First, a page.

Archive for Fume Extraction

Fume Extraction Brief Overview

F66V Portable Fume Extractor Out of the possible fume extraction methods, the most effective would definitely be source capture. This keeps the contaminant(s) out of the operator’s breathing zone, the area in which most negative effects can occur. Capturing the fumes at their source most often involves a source capture hood, such as a parabolic hood attached to a flexible arm that connects to the air cleaner, or a canopy hood localized directly over the process. Welding applications are more likely to call for a source capture arm with a hood attachment, whereas a machining process that gives off fumes and vapors is more likely to utilize a hovering canopy hood placed over the problem zone.

There are times when source capture is either not practical, or possible. In instances like these, ambient fume extraction is used to give the volume of space a number of air exchanges, based on the amount of contamination. I have encountered a number of applications in which using source capture simply wasn’t a feasible option. This one application in particular called for welding fume extractors, but the welders were constantly on the go, as it was simply touch-up work, so there was no time to reposition a source capture hood for anybody. The area in which their welders spent their shift was totally enclosed, so ambient collection was definitely possible… Unfortunately, the area was so large that to effectively circulate the air, it would take the airflow of a small monsoon, so that’s a dilemma in and of itself… There are definitely factors that come into play that will determine the ease or difficulty of solving a fume issue.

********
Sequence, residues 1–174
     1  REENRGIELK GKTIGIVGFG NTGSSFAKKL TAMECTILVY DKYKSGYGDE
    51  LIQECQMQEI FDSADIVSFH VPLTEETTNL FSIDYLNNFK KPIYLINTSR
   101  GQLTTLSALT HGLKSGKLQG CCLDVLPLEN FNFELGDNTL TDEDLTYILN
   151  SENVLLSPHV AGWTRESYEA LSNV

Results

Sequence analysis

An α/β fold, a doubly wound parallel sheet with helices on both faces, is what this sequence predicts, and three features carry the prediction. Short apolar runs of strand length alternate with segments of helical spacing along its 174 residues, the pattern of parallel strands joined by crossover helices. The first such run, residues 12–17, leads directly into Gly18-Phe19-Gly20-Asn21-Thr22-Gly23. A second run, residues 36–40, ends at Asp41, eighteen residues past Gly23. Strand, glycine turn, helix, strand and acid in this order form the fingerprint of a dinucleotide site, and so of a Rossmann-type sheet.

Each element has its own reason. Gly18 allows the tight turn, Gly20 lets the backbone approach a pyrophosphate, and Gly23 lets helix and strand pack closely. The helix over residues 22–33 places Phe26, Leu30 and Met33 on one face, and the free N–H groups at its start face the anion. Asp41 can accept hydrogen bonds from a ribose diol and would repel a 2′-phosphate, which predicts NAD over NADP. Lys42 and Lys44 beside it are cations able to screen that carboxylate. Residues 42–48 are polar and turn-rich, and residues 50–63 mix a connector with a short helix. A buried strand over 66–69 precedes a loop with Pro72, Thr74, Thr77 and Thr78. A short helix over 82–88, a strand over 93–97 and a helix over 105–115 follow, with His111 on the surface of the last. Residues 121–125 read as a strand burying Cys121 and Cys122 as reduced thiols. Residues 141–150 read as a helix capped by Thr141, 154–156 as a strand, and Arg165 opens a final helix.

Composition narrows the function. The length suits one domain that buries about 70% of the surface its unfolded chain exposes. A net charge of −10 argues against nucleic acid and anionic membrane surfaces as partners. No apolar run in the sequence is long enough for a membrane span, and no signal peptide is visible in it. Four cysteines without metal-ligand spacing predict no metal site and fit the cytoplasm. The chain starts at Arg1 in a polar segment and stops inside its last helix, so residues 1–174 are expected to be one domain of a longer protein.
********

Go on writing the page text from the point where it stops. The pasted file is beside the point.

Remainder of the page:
If a job is intermittent enough (for example, non-production), then portable fume extraction is usually preferred. This provides the welder(s) with a mobile solution that can be put away after use, conserving floorspace, and that puts a smile on some shop manager’s faces. That being said, some of the more effective fume extractors are roughly the size of a soda machine, but in some cases, you can’t make due with anything less. Larger production jobs that involve multiple workstations may benefit more from using a centrally located fume extraction system, with a network of ducting to provide each station with its own capture point. This is generally more economically efficient, from an equipment standpoint.

Now, on to filtration technologies…

There are certain applications that call for certain types of filtration/extraction; for instance, if you were working with lead fumes, an Industrial Hygienist may recommend that you use HEPA filtration due to exposure limits. It is very important that you choose the proper filtration technology to suit your needs; otherwise, chaos could ensue. A good bit of fume extraction can be handled with electrostatic filtration. This not only reduces recurring cost by providing washable, reuseable filters, but is often preferred for continuous welding applications due to filter loading capacity.
Another factor to take into consideration is odor. No, not welder’s body odor, but the olfactory properties of the welding oxides. True, by reducing the amount of oxide, you will reduce the amount of fume odor, but sometimes that isn’t quite enough. To effectively tackle this, you should consider using granulated gas phase media, more commonly known as activated carbon; as luck would have it, most industrial welding fume extractors can accommodate significant amounts of granulated carbon, and some modules are even bulk refillable, if you feel like getting your hands dirty.

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Fume Extractors

This post starts off the fume extraction section of this blog.

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